THE DISSENTER: Toobin’s campaign against Snowden and in defense of the government’s right to protect sensitive national security secrets is incredibly hypocritical, given his past history. In journalist Michael Isikoff’s book, Uncovering Clinton: A Reporter’s Story, he described how Toobin was caught “having absconded with large loads of classified and grand-jury related documents from the office of Iran-Contra independent counsel Lawrence Walsh” in 1991:
Toobin, it turned out, had been using his tenure in Walsh’s office to secretly prepare a tell-all book about the Iran-contra case; the privileged documents, along with a meticulously kept private diary (in which the young Toobin, a sort of proto-Linda Tripp, had been documenting private conversations with his unsuspecting colleagues) were to become his prime bait to snare a book deal. Toobin’s conduct enraged his fellow lawyers in Walsh’s office, many of whom viewed his actions as an indefensible betrayal of the public trust. Walsh at one point even considered pressing for Toobin’s indictment.
Toobin was “petrified” that he would have to face criminal charges for stealing information for a rather dubious book deal. And, according to Isikoff, he either “feared dismissal and disgrace, or simply wanted to move on,” and he “resigned from the U.S. Attorney’s office in Brooklyn (where he had gone to work after Walsh) and abandoned the practice of law.”
Walsh’s memoir on the Iran-Contra investigation, Firewall, included more details on Toobin’s act:
During our negotiations over the timing of the book’s publication, Toobin and his publisher surprised us with a preemptive suit to enjoin me from interfering with the publication or punishing Toobin for having stolen hundreds of documents, some of them classified, and for exposing privileged information and material related to the grand jury proceedings. I could understand a young lawyer wanting to keep copies of his own work, but not copying material from the general files or the personal files of others. MORE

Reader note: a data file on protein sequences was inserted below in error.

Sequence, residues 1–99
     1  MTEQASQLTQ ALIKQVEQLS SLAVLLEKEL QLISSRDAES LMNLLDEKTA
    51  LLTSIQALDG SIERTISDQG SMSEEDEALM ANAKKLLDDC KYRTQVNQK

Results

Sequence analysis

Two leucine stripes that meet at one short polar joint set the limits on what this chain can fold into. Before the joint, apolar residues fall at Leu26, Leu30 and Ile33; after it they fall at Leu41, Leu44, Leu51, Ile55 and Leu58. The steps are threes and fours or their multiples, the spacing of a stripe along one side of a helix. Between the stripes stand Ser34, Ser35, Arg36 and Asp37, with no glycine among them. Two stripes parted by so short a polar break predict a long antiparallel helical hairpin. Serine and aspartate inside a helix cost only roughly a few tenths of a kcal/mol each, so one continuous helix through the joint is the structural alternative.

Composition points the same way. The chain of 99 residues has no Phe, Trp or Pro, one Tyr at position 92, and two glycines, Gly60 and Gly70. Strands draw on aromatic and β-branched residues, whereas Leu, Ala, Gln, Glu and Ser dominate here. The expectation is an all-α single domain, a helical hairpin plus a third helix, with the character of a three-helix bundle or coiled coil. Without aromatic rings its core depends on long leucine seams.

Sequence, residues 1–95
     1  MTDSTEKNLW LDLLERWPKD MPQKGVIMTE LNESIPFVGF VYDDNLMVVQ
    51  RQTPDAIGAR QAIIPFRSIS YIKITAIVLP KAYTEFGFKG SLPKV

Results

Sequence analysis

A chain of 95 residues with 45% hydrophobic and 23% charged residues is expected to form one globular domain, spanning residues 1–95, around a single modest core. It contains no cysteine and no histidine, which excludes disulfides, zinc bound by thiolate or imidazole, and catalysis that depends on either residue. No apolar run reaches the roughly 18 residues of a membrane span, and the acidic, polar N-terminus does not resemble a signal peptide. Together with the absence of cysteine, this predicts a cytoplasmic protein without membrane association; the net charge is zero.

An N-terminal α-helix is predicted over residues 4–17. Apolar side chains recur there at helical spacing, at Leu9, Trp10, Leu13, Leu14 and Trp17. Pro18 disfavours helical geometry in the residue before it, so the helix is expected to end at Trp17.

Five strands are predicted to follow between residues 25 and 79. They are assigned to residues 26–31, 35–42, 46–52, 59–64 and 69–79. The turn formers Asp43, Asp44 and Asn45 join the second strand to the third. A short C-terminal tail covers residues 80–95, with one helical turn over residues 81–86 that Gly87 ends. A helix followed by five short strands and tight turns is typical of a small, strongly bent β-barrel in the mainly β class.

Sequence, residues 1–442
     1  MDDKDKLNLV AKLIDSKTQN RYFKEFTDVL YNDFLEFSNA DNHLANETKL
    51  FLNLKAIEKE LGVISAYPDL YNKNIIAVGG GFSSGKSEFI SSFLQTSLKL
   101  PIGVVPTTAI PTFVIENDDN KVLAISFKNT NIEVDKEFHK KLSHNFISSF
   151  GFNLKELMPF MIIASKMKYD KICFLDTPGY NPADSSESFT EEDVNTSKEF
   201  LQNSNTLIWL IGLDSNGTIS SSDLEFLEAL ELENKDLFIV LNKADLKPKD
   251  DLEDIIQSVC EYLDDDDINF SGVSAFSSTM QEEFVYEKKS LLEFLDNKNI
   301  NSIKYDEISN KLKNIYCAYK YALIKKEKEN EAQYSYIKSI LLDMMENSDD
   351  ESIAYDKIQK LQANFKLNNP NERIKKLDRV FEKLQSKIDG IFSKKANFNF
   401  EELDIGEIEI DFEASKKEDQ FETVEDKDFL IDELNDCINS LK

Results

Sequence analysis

JEFFREY TOOBIN: The assassinations of Martin Luther King, Jr., and Robert F. Kennedy led directly to the passage of a historic law, the Gun Control Act of 1968. Does that change your view of the assassinations? Should we be grateful for the deaths of these two men? Of course not. That’s lunatic logic. But the same reasoning is now being applied to the actions of Edward Snowden. […] In this debate, Snowden himself says, those who followed the law were nothing better than Nazis: “I believe in the principle declared at Nuremberg, in 1945: ‘Individuals have international duties which transcend the national obligations of obedience. Therefore individual citizens have the duty to violate domestic laws to prevent crimes against peace and humanity from occurring.’ ” To be sure, Snowden has prompted an international discussion about surveillance, but it’s worthwhile to note that this debate is no academic exercise. It has real costs. Consider just a few. What if Snowden’s wrong? What if there is no pervasive illegality in the National Security Agency’s surveillance programs? MORE
RELATED: there is in fact very good reason to believe that laws have been broken. Director of National Intelligence James Clapper’s testimony to Congress troubled Senate Armed Services Committee Chairman Carl Levin, because it was misleading. Carl Levin was being polite; simply stated, Clapper lied. How else would we know that that testimony was misleading? Isn’t perjury a law that should be respected, and when that perjury is to Congress on a matter of public importance, doesn’t that rise to a level that whistle-blowing is justified? The only way that lie can be justified is a belief in a paternalistic and hypocritical state that would be antithetical to a modern, democratic state in which a free press exists. Leaving aside Mr. Clapper’s perjury, the several programs that Mr Snowden publicized each can, to a reasonable person, appear unjustifiably broad and, judging by the widespread outrage that the information about these programs has engendered, many in U.S. and other countries share this view. To retreat to the legal rationalizations of the present administration, which seem to have been distilled to: “if it is written down somewhere, even in a secret court, it must be legal” is a slippery slope that could ultimately be used to defend anything, including—since you asked for it—Nazism. MORE